Cost Approach to Intellectual Property Valuation Reviewed by Momizat on . Part IV: Illustrative Examples Part I of this series discussed the conceptual foundations of the cost approach to intellectual property valuation. Part II descr Part IV: Illustrative Examples Part I of this series discussed the conceptual foundations of the cost approach to intellectual property valuation. Part II descr Rating: 0
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Cost Approach to Intellectual Property Valuation

Part IV: Illustrative Examples

Part I of this series discussed the conceptual foundations of the cost approach to intellectual property valuation. Part II described the generally accepted valuation methods within the cost approach to intellectual property valuation. Part III presented the practical measurement procedures in the application of the cost approach. In this final installment of this series, Part IV presents several illustrative examples of the application of the cost approach in several intellectual property valuation scenarios.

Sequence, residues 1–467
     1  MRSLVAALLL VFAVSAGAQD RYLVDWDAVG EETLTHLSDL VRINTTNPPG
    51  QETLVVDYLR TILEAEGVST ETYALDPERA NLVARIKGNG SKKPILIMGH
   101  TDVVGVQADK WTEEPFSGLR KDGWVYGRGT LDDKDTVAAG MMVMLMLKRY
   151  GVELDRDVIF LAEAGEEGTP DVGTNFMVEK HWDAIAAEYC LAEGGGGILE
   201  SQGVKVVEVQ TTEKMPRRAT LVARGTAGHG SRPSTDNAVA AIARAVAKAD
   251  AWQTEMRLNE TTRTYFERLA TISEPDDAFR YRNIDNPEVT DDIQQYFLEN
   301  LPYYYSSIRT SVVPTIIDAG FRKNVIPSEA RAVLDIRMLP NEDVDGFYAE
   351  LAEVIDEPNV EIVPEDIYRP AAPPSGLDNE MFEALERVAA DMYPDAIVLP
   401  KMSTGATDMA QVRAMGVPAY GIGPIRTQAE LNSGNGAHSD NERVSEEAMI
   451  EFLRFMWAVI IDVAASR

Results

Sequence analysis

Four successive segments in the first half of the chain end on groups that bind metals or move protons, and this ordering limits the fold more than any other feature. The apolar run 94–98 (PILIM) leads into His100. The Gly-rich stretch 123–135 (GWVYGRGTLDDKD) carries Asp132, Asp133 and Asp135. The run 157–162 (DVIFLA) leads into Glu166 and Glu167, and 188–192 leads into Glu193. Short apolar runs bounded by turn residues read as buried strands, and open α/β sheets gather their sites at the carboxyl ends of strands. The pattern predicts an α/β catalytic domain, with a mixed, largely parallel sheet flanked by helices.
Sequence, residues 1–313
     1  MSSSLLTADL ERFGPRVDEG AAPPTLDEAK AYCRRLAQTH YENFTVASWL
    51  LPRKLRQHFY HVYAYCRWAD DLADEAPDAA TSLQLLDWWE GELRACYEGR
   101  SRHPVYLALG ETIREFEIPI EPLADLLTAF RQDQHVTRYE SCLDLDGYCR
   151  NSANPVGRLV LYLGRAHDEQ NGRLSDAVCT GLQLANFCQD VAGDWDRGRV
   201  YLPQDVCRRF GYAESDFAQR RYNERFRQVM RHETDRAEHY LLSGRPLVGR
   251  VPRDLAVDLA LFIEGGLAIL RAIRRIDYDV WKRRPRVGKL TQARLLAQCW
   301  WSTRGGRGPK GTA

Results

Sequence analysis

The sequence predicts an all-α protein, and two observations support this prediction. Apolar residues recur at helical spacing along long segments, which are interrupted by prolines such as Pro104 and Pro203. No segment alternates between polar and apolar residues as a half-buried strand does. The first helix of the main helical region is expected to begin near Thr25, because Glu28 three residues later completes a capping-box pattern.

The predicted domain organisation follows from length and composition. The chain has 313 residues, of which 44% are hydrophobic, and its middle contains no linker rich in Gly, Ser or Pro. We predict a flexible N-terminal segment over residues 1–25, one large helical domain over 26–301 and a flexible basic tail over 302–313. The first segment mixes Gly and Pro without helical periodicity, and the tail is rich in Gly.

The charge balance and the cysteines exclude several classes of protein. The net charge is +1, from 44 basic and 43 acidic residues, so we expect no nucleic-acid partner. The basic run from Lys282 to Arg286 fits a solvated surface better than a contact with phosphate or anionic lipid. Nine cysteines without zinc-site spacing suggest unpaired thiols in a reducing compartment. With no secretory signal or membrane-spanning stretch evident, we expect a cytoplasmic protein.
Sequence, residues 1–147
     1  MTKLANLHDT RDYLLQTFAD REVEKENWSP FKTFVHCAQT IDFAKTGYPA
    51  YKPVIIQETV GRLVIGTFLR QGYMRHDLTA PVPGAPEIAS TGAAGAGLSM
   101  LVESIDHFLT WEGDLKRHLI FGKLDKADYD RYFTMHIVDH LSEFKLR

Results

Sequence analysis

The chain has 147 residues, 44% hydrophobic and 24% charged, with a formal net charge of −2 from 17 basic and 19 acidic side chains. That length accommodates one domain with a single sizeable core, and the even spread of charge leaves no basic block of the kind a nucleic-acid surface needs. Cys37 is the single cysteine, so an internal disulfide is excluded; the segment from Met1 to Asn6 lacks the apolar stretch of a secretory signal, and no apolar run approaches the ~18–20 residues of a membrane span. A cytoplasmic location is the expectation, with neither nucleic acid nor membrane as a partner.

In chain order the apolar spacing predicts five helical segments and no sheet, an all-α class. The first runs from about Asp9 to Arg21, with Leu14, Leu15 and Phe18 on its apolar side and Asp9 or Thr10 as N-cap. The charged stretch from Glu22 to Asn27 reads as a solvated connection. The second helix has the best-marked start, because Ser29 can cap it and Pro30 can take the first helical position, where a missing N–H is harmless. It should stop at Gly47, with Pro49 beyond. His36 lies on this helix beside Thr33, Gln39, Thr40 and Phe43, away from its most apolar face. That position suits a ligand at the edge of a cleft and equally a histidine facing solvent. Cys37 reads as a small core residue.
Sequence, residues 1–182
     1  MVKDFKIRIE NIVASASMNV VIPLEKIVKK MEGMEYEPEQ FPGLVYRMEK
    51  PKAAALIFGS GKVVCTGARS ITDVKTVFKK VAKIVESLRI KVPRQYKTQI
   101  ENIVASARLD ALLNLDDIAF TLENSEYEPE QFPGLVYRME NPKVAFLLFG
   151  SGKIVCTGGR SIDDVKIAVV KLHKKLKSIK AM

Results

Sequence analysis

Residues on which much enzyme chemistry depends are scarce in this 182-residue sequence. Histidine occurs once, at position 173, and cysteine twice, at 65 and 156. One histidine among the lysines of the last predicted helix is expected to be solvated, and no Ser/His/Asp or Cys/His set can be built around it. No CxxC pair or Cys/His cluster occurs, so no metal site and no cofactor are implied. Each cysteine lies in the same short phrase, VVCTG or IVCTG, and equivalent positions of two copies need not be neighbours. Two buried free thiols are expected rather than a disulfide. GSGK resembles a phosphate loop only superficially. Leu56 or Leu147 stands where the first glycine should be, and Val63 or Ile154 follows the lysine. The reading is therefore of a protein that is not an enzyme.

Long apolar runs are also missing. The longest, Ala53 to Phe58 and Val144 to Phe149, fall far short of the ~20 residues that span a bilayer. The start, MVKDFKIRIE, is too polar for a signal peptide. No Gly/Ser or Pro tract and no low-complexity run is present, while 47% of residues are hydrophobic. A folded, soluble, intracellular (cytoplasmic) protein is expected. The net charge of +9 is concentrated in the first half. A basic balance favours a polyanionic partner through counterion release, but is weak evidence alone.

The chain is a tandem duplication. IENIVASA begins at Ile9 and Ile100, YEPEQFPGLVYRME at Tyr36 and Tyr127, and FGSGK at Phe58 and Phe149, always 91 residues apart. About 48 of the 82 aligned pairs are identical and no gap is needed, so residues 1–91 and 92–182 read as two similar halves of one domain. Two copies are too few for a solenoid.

Cost Approach to Intellectual Property Valuation—Part IV: Illustrative Examples

Introduction

This four-part discussion series summarizes the application of the cost approach to value patents, copyrights, trademarks, and trade secrets—that is, the four categories of intellectual property.

Part I of this series discussed the conceptual foundations of the cost approach to intellectual property valuation. Part II described the generally accepted valuation methods within the cost approach to intellectual property valuation. Part III presented the practical measurement procedures in the application of the cost approach. In this final installment of this series, Part IV presents several illustrative examples of the application of the cost approach in several intellectual property valuation scenarios.

Illustrative Cost Approach Valuation Examples

The following two examples illustrate the application of the cost approach to develop an intellectual property valuation in typical client situations.

Example 1: Valuation of Internally Developed Computer Software Copyrights and Trade Secrets

This first example involves the valuation of internally developed computer software copyrights and trade secrets intellectual property. This example illustrates the application of the cost approach replacement cost new less depreciation (RCNLD) method. This RCNLD method illustrative analysis includes consideration of developer’s profit, entrepreneurial incentive, and economic obsolescence.